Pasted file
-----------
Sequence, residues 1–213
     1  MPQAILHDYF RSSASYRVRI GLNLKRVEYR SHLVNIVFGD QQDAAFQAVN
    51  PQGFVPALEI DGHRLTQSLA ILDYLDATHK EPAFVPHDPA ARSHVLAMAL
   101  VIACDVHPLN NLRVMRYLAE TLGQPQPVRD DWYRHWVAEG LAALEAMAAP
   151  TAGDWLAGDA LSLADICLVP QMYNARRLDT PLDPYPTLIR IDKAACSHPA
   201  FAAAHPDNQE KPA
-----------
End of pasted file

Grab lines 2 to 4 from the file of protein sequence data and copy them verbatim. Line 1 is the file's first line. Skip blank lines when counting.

     1  MPQAILHDYF RSSASYRVRI GLNLKRVEYR SHLVNIVFGD QQDAAFQAVN
    51  PQGFVPALEI DGHRLTQSLA ILDYLDATHK EPAFVPHDPA ARSHVLAMAL
   101  VIACDVHPLN NLRVMRYLAE TLGQPQPVRD DWYRHWVAEG LAALEAMAAP